Overview: In Harley Quinn #29, Harley searches for answers to her multiversal problems leading her to Zatanna, while the backup features Bud and Lou.
Editor’s Note: Due to the anthology nature of this collection, we will feature a synopsis and analysis for each short story rather than breaking up the synopsis and analysis. Spoilers are sure to be revealed.
Story #1: “Girl in a Crisis” Part 2 by writer Tini Howard and artist Sweeney Boo
Synopsis: As Harley Quinn #29 begins, Tashana, the Lady Quark, returns home to Earth-38. She enjoys time with her family and discusses her plans for Earth-0. Back on that earth, Bud and Lou wake Harley at 05:00. She feeds them and waters with pride the one plant Ivy left in the apartment.
She realizes through a web search that Zatanna can assist her with her multiversal problems. She heads over with a latte, and the girls gab. Harley explains to Zatanna that she’s been experiencing a lot of coincidences that she is now wondering about – might they be connected to her multiversal issues? Zatanna offers to cast a spell of interdimensional protection but warns her that to complete the ward, Harley must sacrifice something alive.
Harley considers the problem of what or whom to sacrifice over the next few days. She alights upon “Two-Face” as the possible answer and goes after him but abandons her intentions mid-effort. She lights the Bat-Signal and sits down for coffee and a donut with the Dark Knight himself. Batman gives Harley insight, and she realizes what she must sacrifice. She smashes her beloved plant. After a few moments, Bud and Lou begin speaking to her in plain English. Harley startles and runs away, but they assure her they mean only to protect her.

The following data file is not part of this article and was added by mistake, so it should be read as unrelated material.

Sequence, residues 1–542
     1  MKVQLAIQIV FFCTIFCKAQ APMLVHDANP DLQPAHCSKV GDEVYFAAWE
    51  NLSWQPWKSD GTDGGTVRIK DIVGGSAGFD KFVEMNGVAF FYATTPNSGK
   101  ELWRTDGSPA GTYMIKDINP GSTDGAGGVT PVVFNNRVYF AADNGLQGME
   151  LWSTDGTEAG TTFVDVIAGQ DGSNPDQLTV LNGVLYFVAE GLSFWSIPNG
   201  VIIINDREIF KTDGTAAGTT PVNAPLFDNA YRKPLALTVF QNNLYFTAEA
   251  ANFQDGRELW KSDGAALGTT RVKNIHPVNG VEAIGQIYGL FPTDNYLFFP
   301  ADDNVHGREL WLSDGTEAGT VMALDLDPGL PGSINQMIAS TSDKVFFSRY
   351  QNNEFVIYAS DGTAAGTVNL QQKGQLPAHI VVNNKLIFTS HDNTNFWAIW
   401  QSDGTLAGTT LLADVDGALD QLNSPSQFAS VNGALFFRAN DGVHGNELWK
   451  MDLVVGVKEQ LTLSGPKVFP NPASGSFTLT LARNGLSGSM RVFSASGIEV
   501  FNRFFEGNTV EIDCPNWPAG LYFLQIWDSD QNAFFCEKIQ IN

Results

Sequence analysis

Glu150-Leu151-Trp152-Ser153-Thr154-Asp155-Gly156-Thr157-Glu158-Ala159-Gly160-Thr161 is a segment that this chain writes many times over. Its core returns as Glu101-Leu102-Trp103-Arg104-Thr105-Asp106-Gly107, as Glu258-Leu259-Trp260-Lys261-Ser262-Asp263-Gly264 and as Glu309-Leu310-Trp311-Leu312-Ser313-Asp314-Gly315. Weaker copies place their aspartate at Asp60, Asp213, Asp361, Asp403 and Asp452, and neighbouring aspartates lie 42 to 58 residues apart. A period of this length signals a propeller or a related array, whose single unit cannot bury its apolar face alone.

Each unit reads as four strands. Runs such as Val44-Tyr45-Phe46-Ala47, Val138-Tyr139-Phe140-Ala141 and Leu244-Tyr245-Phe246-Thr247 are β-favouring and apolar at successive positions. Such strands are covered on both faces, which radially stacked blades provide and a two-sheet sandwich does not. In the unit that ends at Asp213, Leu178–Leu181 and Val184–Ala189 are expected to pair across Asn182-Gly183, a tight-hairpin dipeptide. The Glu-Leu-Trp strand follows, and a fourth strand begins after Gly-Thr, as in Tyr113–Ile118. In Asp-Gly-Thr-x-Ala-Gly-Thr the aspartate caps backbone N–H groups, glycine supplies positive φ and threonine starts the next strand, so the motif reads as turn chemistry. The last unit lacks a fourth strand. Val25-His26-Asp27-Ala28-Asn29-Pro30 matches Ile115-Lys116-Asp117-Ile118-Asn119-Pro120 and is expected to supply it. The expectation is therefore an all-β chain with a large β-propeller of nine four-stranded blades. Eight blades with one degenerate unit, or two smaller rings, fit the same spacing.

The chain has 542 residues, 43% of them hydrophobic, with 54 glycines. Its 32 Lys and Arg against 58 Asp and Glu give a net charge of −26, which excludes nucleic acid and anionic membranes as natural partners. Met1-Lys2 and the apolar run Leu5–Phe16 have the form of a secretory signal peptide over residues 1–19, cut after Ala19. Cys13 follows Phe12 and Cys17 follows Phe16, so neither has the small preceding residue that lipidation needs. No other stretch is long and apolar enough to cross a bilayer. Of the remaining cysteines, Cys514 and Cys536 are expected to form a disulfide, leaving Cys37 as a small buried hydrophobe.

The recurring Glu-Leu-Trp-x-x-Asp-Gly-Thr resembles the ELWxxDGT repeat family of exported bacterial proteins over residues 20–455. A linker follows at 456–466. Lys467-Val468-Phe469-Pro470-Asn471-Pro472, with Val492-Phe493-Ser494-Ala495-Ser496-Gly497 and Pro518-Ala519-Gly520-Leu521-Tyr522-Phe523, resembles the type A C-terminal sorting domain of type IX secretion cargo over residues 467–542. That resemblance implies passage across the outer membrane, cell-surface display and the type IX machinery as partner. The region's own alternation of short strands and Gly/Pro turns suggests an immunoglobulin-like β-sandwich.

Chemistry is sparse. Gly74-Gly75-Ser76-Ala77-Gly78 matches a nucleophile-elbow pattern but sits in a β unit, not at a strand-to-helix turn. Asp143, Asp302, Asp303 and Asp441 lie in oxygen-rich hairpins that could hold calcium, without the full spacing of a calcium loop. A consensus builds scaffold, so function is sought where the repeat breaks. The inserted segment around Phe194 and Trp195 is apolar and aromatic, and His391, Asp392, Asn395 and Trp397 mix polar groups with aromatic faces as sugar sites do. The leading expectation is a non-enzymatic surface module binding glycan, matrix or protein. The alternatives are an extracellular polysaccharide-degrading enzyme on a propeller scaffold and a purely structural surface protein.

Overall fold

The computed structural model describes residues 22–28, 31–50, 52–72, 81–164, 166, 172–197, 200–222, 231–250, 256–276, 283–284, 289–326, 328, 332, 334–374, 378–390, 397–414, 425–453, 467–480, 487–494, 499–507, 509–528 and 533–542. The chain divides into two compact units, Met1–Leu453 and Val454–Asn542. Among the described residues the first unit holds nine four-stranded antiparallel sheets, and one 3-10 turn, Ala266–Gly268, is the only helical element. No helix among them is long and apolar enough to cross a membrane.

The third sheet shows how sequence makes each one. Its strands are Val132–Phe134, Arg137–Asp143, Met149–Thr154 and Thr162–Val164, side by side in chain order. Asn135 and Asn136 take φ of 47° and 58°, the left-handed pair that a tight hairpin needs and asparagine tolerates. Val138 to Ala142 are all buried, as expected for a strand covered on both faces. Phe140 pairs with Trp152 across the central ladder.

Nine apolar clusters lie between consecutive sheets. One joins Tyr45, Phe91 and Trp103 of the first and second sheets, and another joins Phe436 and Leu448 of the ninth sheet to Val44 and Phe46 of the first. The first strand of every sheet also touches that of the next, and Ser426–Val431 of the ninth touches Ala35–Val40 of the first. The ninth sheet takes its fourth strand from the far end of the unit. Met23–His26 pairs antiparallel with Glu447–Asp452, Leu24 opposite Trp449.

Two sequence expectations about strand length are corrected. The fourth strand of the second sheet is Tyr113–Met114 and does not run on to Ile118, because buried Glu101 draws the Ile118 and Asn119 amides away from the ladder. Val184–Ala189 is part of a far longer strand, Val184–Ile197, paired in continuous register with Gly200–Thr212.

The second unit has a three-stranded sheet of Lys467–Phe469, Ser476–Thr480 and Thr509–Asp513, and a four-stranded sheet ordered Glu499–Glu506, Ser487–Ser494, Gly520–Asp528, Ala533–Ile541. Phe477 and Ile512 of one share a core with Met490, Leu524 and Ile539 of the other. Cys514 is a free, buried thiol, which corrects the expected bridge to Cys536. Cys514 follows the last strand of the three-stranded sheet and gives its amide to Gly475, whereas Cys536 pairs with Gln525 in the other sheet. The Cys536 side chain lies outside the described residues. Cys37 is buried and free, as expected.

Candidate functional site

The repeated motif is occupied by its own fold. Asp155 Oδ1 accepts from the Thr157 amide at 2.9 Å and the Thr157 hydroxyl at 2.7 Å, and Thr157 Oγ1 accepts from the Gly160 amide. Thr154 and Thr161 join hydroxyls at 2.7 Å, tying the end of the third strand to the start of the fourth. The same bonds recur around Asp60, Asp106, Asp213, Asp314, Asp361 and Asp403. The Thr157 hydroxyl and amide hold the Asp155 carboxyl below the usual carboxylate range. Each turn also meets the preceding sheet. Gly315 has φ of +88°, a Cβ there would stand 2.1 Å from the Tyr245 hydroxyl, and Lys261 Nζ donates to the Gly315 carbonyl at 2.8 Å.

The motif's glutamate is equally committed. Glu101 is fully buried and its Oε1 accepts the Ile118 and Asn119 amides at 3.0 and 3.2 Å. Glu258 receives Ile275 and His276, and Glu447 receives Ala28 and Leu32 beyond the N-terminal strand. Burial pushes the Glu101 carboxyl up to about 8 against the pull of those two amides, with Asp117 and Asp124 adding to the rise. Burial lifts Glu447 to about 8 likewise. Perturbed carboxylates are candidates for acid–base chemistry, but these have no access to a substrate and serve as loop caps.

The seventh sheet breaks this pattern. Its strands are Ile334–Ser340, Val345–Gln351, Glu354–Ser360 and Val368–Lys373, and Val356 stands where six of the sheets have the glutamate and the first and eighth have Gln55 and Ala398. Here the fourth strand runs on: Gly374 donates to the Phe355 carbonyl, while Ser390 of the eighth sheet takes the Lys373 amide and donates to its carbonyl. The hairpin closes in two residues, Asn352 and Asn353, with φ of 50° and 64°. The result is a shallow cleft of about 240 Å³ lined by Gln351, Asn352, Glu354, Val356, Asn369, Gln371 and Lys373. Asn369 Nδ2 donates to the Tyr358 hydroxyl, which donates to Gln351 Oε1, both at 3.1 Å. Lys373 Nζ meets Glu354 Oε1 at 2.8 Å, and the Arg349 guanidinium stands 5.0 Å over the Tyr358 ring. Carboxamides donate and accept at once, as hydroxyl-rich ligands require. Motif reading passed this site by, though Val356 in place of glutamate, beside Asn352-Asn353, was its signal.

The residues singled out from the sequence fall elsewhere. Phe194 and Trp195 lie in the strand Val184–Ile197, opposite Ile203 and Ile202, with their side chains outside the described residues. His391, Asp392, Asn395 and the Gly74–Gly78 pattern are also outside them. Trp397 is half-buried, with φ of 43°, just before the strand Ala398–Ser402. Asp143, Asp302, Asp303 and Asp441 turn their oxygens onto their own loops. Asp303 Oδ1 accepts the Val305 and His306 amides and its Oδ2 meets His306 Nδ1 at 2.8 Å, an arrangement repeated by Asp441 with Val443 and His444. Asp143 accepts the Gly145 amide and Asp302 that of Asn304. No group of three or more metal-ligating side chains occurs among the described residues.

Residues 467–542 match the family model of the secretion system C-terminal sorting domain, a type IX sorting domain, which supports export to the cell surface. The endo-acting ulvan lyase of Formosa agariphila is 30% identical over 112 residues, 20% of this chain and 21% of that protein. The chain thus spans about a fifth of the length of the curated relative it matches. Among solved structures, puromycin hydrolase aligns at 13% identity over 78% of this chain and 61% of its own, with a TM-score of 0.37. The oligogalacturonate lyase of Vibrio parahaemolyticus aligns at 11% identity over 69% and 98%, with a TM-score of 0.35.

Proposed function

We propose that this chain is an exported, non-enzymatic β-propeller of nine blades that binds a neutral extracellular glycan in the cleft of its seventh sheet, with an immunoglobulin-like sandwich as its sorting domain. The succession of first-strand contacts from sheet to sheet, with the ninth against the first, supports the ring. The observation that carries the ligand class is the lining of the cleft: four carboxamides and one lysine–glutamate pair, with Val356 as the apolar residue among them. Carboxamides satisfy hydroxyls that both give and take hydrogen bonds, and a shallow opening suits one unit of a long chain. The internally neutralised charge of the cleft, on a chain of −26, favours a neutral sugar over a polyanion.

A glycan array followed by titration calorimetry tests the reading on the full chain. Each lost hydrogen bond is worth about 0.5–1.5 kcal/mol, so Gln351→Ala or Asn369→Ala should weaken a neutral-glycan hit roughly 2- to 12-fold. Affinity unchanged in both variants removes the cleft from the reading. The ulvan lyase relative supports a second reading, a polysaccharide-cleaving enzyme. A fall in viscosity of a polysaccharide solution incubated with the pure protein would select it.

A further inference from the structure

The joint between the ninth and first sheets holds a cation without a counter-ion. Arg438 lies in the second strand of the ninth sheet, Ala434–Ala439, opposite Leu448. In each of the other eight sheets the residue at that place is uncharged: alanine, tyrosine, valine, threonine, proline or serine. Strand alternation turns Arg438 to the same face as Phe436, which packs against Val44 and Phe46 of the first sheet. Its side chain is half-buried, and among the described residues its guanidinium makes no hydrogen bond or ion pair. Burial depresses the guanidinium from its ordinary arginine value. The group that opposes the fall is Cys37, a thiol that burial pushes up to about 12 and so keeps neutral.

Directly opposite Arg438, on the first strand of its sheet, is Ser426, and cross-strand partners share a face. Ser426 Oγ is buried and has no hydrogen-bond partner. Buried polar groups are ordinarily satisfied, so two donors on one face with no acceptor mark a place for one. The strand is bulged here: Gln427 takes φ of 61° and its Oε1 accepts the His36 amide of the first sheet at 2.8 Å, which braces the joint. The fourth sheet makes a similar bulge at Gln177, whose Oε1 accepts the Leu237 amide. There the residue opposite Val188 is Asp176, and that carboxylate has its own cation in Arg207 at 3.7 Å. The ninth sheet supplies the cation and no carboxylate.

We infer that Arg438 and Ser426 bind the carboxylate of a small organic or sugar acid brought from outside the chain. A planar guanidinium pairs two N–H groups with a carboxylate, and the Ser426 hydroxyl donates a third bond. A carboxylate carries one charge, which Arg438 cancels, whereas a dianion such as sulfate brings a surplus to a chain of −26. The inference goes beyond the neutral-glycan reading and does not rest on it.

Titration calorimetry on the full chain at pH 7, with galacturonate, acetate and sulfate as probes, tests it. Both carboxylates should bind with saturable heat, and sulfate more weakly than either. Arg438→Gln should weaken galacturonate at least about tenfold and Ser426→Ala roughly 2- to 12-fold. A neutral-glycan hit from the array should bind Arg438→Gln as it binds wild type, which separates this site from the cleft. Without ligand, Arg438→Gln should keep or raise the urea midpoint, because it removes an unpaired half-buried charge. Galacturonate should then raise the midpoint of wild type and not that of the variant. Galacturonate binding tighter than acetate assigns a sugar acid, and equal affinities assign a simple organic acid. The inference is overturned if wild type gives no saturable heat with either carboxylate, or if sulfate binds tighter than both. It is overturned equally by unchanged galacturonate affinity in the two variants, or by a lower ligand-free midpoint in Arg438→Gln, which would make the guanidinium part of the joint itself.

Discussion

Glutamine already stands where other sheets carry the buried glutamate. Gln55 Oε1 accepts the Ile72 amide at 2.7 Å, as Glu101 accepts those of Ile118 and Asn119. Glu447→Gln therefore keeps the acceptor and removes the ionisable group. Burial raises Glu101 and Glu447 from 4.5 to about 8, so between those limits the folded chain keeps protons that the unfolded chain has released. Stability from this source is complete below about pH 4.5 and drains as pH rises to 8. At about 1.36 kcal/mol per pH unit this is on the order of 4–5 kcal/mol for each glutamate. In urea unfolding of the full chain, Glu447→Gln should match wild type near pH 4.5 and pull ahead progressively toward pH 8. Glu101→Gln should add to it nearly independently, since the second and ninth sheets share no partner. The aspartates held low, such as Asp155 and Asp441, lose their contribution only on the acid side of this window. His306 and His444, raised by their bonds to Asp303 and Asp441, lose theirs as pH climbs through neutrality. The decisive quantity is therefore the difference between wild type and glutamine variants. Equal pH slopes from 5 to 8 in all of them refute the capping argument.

Analysis: Although the arc remains weak, it is a relief to note that there are some better moments in part II of the narrative than seen in the last issue. The Bat-Family makes an appearance with the Caped Crusader himself, and the conversation between him and Harley is actually both sweet and authentic. Batman is as gruff and aloof as ever, which makes him believable. Yet he still manages to offer someone as brilliant as Harley real insight, and the moment feels authentic and poignant. Some of Harley’s dialogue is also genuinely funny, which matters because Harley is genuinely funny, so it is important to get this right.
Part II of the story slows down and also tries to fill in some of the blanks. While this helps with explanation, it does not strengthen some of the preposterousness of the story itself, which remains something to be merely tolerated. Sweeney Boo’s art remains the strong suit of the run so far; it’s hard to imagine a style more perfectly suited for our hero.
Story #2: “Hyena Anxiety” by writer and artist Adam Warren
Synopsis: The backup in Harley Quinn #29 sees Bud and Lou start talking to Harley as they reveal they’ve trashed her on social media with a tell-all memoir. Apparently, they are agents of Lord Chaos and then transform into “sexeh, sexeh furries.” The sequence gets even more bizarre until Harley wakes up and confirms that Bud and Lou are incapable of speech. She leaves the room, at which point Bud and Lou do, in fact, converse with each other in plain English.
Analysis: This could be one of the most asinine stories I have ever read in a TBU comic. There is no justification for the Harley Quinn book containing a backup.
Editor’s Note: DC Comics provided TBU with a copy of this comic for review purposes. You can find this comic and help support TBU in the process by purchasing this issue digitally on Comixology through Amazon or a physical copy of the title through Things From Another World.